I have not done any heel and toe but it is a skill to learn, I should start while driving around town in the beater. From my experience with autocrossing I never even used the tack, nor do I use it in day to day driving, but with the other cars on track I would not be surprised if I was unable to hear my own car well enough. I have a 5" tach in the car that mounts on top of the dash maybe that will be enough?
  5. piercemotorsports

    piercemotorsports FEOA Member

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    What a great car!! I too have raced the second gens but would consider a first gen---I like the body style. I wish you were closer to California, I would have done a cage for you cheap to get you going. I actually like the cars without the power steering---we get the pwr steering rack because of the quicker ratio-leave a little fluid in it and loop the lines together. We run a 225x45x15 tire in the front and none of us have any issues with doing an hour and a half stint during our enduro's. During the 12 hour last year I drove 4.5 hours of 6 and that was a little much, but doable. The gentlemen above lost his pwr steering during the event which makes it very difficult to steer because you have to move the fluid around through broken components- but with everything removed it takes the same effort as manual. For ITB I'd get the thing as lite as possible and then ballast it up to the minimum weight. See if you can find some 15 x 7's (I can't remember if they are legal??? Maybe 15 x 6's) and a 205x50x15 hoosier. It's all about momentum!!!!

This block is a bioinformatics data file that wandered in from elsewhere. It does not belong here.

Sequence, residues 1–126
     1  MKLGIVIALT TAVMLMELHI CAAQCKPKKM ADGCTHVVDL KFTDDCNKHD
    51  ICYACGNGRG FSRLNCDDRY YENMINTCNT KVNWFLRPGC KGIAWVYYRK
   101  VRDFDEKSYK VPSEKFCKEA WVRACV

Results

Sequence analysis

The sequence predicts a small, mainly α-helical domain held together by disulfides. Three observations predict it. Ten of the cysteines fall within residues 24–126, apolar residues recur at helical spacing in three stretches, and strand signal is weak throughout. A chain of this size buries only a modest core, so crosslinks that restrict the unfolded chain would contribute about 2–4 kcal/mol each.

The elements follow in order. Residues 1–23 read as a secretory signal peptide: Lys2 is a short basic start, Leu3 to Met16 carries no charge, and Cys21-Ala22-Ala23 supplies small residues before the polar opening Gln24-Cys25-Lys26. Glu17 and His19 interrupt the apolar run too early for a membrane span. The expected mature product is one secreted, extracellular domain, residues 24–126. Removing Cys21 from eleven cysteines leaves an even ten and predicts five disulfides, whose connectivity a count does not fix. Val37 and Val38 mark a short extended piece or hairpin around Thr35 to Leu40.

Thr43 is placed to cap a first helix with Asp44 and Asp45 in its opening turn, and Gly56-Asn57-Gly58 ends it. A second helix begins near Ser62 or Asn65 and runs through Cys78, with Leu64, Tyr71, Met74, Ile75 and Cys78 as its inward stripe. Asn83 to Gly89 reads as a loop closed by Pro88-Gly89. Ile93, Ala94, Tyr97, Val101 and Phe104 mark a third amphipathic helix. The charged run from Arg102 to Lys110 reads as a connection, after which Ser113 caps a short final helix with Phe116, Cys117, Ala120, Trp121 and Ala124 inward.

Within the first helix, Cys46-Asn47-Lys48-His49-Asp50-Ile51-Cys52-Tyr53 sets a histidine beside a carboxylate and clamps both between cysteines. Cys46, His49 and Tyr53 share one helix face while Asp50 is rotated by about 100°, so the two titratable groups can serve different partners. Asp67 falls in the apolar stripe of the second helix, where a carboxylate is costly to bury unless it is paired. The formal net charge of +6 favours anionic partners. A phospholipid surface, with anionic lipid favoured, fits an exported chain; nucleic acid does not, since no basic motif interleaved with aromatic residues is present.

There's a first gen racecar hear on the forum built and driven by Diane or Dianna (?). I talked to her about shocks once and she was sharp and helpful. Also Buddy from wizard racing (also a second gen) may know how to get a hold of her/ or may have some ideas.